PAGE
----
ACM names five Microsoft researchers as Fellows, Distinguished Scientists

ACM names five Microsoft researchers as Fellows, Distinguished Scientists

Posted by George Thomas Jr.

ACM Fellows

Three Microsoft researchers have been honored as Fellows of the Association for Computing Machinery. Mary Czerwinski, Cynthia Dwork and Sriram Rajamani were cited for their significant contributions to the development and application of computing across multiple disciplines.

The ACM also named two Microsoft researchers to their Distinguished Scientists list: Ratul Mahajan and Nachiappan Nagappan for their significant accomplishments or impact within the computing field.

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ACM names five Microsoft researchers as Fellows, Distinguished Scientists

ACM names five Microsoft researchers as Fellows, Distinguished Scientists

Posted by George Thomas Jr.


Cynthia Dwork, Mary Czerwinski and Sriram Rajamani

Three Microsoft researchers have been honored as Fellows of the Association for Computing Machinery for their significant contributions to the development and application of computing across multiple disciplines.

Mary Czerwinski, whose work focuses on emotion tracking, information-worker task management, multitasking and awareness systems for individuals and groups, was cited for contributions to human-computer interaction and leadership in the CHI community.

Cynthia Dwork, a cryptographer and distinguished scientist at Microsoft Research who recently developed new algorithms that will transform adaptive data analysis, was elevated to ACM Fellow for contributions to the science of database privacy, cryptography and distributed computing.

And Sriram Rajamani, assistant managing director of Microsoft's research lab in India whose focus lies in designing, building and analyzing computer systems, was cited for his contributions to software analysis and defect detection.

Rajamani, part of the Programming Languages and Tools research group, said of the honor, "I am lucky to be working in a research area where it is possible to do work that both advances the state of the art and benefits Microsoft's products at the same time, and I feel grateful to my colleagues for providing the environment where I can do such work and be recognized by the community for it.”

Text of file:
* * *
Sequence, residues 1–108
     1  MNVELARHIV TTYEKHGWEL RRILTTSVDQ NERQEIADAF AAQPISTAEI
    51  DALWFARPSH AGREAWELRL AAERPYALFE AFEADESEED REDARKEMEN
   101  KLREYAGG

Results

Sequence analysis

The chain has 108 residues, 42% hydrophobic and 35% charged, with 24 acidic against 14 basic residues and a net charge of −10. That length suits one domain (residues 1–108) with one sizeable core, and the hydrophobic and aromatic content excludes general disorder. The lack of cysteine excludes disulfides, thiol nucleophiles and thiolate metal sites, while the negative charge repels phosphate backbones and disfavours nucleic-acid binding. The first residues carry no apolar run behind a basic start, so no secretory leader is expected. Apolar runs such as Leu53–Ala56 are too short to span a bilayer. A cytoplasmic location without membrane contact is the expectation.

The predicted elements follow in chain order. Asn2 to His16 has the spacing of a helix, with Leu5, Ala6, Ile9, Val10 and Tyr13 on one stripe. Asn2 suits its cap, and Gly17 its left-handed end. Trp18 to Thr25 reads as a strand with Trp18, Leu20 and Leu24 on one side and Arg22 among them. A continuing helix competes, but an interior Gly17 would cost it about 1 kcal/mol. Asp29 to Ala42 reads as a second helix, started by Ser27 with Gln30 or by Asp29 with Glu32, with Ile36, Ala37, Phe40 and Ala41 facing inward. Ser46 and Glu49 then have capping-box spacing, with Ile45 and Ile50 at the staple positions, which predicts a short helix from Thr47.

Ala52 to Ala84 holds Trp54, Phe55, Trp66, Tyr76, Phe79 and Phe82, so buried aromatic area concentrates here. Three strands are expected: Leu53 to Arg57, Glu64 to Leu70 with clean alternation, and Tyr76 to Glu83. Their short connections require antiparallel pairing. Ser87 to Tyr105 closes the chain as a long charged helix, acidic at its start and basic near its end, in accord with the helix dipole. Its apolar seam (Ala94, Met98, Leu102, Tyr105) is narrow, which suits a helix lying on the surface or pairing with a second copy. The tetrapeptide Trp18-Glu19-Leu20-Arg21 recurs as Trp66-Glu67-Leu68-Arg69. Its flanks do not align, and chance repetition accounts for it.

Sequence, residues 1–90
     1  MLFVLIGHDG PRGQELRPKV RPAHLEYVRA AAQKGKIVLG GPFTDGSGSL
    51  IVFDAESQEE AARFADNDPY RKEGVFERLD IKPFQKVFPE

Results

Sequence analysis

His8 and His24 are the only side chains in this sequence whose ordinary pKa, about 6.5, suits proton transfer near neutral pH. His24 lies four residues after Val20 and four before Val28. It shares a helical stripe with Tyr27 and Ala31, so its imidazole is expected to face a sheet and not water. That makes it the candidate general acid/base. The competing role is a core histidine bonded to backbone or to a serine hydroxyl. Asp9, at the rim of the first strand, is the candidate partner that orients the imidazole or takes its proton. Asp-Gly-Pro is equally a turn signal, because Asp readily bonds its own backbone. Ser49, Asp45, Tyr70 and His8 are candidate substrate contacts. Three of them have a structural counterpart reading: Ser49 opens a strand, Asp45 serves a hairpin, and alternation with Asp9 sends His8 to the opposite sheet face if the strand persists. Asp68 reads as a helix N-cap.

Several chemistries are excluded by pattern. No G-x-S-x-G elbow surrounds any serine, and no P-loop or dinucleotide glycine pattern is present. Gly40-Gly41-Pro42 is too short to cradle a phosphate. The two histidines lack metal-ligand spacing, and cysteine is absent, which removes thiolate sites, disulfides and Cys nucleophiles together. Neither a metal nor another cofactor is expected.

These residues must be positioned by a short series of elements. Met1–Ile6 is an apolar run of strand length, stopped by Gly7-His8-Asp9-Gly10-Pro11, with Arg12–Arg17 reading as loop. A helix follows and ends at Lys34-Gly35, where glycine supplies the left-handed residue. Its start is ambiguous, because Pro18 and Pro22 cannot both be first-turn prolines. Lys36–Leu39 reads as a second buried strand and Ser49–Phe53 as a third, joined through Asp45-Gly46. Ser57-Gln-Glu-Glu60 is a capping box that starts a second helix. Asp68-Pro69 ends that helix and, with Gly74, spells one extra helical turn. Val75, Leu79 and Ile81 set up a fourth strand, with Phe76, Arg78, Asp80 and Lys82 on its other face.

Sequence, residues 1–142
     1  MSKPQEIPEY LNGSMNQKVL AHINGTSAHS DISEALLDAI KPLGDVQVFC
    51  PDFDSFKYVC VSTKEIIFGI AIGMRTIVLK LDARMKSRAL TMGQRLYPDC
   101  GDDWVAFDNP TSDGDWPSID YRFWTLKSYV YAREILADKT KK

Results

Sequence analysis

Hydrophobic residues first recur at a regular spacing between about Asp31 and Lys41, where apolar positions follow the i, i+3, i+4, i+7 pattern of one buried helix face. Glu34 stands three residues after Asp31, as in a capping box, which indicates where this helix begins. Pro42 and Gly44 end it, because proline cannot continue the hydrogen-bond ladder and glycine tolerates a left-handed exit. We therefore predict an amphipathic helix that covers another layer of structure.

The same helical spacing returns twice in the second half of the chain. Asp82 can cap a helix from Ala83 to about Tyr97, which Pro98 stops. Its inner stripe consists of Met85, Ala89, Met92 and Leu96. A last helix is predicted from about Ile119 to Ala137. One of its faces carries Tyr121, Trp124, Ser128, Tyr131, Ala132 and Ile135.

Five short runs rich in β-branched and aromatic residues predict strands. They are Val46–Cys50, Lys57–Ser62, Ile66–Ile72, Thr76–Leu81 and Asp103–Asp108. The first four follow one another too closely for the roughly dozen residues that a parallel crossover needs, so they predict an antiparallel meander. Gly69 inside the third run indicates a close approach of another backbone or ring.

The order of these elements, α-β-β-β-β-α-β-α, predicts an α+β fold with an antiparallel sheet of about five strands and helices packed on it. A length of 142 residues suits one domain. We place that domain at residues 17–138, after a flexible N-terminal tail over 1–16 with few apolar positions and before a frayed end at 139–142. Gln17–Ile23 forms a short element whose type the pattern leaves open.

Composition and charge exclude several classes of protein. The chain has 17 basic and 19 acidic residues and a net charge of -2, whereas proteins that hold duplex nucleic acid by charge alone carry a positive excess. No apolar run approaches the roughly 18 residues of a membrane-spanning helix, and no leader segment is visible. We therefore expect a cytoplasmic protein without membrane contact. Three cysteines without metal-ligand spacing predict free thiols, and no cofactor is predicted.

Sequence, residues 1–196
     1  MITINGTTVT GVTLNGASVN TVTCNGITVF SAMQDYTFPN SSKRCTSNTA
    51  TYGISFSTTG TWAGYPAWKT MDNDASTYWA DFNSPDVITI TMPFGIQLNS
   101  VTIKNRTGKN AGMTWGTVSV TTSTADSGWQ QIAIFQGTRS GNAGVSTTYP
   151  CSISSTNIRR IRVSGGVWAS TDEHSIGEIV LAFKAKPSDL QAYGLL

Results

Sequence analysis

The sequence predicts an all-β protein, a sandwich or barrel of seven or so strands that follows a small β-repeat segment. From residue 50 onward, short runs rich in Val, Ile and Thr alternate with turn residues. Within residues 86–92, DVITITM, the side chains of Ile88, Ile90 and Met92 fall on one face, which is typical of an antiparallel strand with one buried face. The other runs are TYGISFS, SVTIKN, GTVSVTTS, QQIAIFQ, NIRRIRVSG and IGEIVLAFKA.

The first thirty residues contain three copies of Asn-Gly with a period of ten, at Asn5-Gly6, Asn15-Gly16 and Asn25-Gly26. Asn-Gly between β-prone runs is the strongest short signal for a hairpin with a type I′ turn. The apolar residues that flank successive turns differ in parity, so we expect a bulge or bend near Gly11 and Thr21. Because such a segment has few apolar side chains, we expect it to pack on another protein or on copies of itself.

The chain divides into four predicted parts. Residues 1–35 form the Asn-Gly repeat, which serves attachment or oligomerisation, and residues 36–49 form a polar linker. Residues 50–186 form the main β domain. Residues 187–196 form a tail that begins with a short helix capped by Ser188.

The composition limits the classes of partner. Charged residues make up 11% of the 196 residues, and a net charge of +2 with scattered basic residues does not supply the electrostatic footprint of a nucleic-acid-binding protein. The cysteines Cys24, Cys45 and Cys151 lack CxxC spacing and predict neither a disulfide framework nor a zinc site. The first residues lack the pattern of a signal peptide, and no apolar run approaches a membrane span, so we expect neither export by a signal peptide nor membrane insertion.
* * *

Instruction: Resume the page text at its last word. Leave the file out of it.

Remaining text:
"I feel honored to receive this recognition from ACM" he added.

Dwork and Czerwinski, too, acknowledged collaboration as key to their success.

"I am indebted to my colleagues and collaborators worldwide, whose company I have so enjoyed and from whom I have learned so much," Dwork said.

"I am completely indebted to and honored by my esteemed colleagues who worked hard for me to receive this recognition," Czerwinksi said. "Being named an ACM Fellow motivates me to work diligently to design technology that empowers and enriches users' lives."

The ACM also named two Microsoft researchers to their Distinguished Scientists list: Ratul Mahajan and Nachiappan Nagappan for their significant accomplishments or impact within the computing field.

Mahajan, a principal researcher in the Mobility and Networking research group, just last year received the prestigious ACM SIGCOMM Test of Time Paper Award for his 2002 paper Measuring ISP topologies with Rocketfuel.

Nachiappan, a principal researcher in the Empirical Software Engineering Research Group, focuses on software reliability, software metrics, software testing and empirical software processes. He also has an adjunct faculty appointment at Indraprastha Institute of Information Technology – New Delhi.

The Association for Computing Machinery is the world's largest educational and scientific computing society, uniting computing educators, researchers and professionals to inspire dialogue, share resources and address the field's challenges. The ACM will formally recognize the 2015 Fellows at its annual Awards Banquet in San Francisco in June.

Earlier this year Jeannette Wing, corporate vice president of Microsoft Research, received the ACM Distinguished Service Award for her transformative work in how the world views computing. More than a dozen Microsoft researchers have been named ACM Fellows, and five have received ACM's top honor, the A.M. Turing Award, generally recognized as the highest distinction in computer science.

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